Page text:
The Universal Declaration of Human Rights was adopted on Dec. 10, 1948, the day now observed worldwide as International Human Rights Day. Its 30 articles spell out basic civil, cultural, economic, political and social rights that all human beings in every country should enjoy.

"Violations of human rights are more than personal tragedies," the secretary-general further said. "They are alarm bells that may warn of a much bigger crisis."

As a result of those "alarms," Mr Ban said his Human Rights Up Front campaign, launched in 2013, sought to anticipate violations before they degenerate into mass atrocities or war crimes while advancing the struggle against injustice, intolerance and extremism.

In his statement issued for the Day, Zeid Ra'ad Al Hussein, the UN high commissioner for human rights, echoed Ban's appeal and underscored the power of the Universal Declaration to "change the world."

"The power of the Universal Declaration is the power of ideas to change the world. It tells us that human rights are essential and indivisible – 365 days a year. Every day is Human Rights day: a day on which we work to ensure that all people can gain equality, dignity and freedom".

"Human rights are not country-specific," Zeid further said. "They are not a reward for good behavior or particular to a certain era or social group. They are the inalienable entitlements of all people, at all times and everywhere, 365 days a year."

"Together, we must demand what should be guaranteed: our human rights, universal, indivisible, inalienable, for everyone." Zeid added.

"The UN Human Rights Office stands with the millions of people around the world whose voices are denied," Zeid said, as he called on the public to join OHCHR "via social media or in person."

In exile, the Central Tibetan Administration, with support from the many peace loving governments, parliaments and other partners, has further integrated these rights into practical manners, as well as more coordination with Tibetan NGOs, such as the Tibetan Women's Association.

In the words of Sikying Dr Lobsang Sangay, the elected political leader of Tibetans, "Unfortunately, even 66 years after the proclamation, Tibetans have very little to celebrate. Instead, China consistently negates the provisions of the declaration, and human rights standards in Tibet continue to deteriorate. Tibet is still under occupation and the Tibetan people suffer political repression, economic marginalization, social discrimination, environmental destruction and cultural assimilation."

On that day, the whole world marked International Human Rights Day during the same day that the people of Tibet commemorated the 25th anniversary of the day His Holiness the 14th Dalai Lama was awarded the Nobel Peace Prize for his commitment to world peace, justice and freedom and his consistent resistance to the use of violence in his people's struggle to regain their liberty.

"Violations have been prevented. Independence and autonomy have been attained. Many people – though not all – have been able to secure freedom from torture, unjustified imprisonment, summary execution, enforced disappearance, persecution and unjust discrimination," Zeid al-Hussein further said in statement.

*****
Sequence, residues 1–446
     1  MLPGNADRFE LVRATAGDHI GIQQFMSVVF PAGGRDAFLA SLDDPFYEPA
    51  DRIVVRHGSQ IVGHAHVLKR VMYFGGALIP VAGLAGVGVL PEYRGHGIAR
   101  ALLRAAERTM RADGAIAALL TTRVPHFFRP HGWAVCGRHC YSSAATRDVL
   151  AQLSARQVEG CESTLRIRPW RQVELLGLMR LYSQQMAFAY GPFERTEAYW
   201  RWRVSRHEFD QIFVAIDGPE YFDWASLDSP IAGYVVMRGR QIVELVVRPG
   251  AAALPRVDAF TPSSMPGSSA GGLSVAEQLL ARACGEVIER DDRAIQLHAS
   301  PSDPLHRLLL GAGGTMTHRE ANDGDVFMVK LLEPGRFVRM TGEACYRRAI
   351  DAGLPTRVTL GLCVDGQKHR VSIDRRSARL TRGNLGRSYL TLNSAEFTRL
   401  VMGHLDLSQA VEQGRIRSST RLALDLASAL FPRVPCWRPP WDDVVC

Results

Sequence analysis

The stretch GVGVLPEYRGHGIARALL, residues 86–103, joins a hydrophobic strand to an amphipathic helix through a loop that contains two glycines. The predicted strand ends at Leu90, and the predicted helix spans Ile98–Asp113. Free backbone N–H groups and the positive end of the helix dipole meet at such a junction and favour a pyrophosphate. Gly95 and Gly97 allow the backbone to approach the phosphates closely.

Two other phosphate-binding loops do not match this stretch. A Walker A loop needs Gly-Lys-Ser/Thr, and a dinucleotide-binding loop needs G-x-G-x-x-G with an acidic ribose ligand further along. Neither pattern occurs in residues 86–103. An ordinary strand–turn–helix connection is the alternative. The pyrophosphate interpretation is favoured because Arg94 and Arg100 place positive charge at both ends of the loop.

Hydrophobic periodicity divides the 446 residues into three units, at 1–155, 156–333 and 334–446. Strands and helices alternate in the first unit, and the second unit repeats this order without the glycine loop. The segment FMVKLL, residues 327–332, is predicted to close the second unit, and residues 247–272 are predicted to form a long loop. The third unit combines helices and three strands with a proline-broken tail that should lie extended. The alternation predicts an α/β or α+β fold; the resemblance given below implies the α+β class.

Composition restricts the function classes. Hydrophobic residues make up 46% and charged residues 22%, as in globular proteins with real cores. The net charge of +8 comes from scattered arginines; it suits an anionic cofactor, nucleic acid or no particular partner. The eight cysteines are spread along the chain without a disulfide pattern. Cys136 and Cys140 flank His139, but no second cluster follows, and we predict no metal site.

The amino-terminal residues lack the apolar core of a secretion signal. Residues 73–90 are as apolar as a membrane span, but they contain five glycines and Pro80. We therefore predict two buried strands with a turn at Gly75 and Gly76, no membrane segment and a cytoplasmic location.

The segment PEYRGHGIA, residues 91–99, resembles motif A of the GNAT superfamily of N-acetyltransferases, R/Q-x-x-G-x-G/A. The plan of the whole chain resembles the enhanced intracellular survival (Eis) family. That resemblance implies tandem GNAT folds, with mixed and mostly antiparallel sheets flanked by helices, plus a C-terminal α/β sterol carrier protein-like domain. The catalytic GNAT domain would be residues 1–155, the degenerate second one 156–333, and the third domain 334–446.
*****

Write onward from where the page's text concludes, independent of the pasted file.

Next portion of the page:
But, Tibetans live in a place where they are constantly faced with Chinese hardline policies, surrounded by political repression, economic marginalization, social discrimination, environmental destruction and cultural assimilation. Tibet, an Asian nation where all persons are supposedly born free and equal in dignity and rights, but actually nothing is free even after 65 years, which they therefore have reason to believe that a world where the fundamental human rights are only enshrined on paper but never enjoyed.

The UN and international communities must reflect on how far they still must go to meet their promise and ensure that the inalienable human rights of all people are respected— while addressing the human rights violations wherever and whenever they take place, without a fear of political and economic pressure, because "Everyday is Human Rights Day."

The UN, however, reminds us again on the need to rededicate our efforts to protect human rights for all, and play our respective roles in advancing the struggle against injustice, intolerance and extremism.

As our elders have done in the past more than sixty years, the younger generation of Tibetans must continue to stand behind the Tibetans inside Tibet and their aspirations, to ensure the respect and promotion of human rights for all.

This will also entail hard working with the international community and NGOs, governments, Tibet Support Groups and the other peace loving people in addressing the human rights abuses in Tibet and anywhere in the world, reinforcement of political participation and more empowerment of civil society organizations.

Keep in mind that human rights are universal and we can change attitudes to create a happier and more equal world, let us not think about human rights only today because "Everyday is Human Rights Day," all the 365 days of the year!

Last Updated ( Tuesday, 16 December 2014 16:13 )